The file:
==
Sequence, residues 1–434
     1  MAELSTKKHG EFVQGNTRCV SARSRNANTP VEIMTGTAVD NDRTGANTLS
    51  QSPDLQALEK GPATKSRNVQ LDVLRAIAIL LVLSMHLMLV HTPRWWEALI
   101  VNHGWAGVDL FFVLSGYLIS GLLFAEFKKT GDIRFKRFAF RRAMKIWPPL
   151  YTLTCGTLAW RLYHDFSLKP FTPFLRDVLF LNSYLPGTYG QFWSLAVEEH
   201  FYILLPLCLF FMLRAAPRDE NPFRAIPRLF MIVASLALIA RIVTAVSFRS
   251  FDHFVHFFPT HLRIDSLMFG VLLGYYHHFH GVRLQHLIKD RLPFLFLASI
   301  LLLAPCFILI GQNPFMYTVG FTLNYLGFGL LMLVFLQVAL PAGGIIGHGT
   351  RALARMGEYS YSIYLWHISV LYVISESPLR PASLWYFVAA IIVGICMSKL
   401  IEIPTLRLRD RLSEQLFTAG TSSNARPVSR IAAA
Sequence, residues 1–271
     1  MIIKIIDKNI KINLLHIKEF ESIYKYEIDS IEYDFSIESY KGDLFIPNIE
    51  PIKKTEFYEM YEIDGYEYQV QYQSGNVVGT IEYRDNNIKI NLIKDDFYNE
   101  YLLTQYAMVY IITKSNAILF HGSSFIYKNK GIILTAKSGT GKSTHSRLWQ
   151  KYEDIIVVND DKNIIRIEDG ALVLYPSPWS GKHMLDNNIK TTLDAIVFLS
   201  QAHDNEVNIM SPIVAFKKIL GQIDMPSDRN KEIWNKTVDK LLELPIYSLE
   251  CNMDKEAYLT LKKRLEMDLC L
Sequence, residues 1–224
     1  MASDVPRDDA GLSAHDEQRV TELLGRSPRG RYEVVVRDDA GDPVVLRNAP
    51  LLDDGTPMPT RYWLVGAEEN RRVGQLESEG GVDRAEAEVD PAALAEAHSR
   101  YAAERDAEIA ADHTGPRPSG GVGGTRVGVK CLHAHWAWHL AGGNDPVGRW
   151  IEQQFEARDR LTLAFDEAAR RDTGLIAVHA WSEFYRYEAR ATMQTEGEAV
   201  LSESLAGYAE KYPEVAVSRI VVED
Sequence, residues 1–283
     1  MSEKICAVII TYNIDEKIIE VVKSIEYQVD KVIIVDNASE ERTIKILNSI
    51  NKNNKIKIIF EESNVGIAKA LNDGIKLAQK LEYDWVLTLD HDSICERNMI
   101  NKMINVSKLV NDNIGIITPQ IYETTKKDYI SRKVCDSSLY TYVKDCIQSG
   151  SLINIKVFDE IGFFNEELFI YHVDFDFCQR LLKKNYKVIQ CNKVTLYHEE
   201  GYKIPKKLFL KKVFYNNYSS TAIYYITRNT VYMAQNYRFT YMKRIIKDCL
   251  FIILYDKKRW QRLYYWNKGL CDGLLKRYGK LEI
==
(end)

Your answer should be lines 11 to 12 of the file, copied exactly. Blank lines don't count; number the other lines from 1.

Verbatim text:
Sequence, residues 1–271
     1  MIIKIIDKNI KINLLHIKEF ESIYKYEIDS IEYDFSIESY KGDLFIPNIE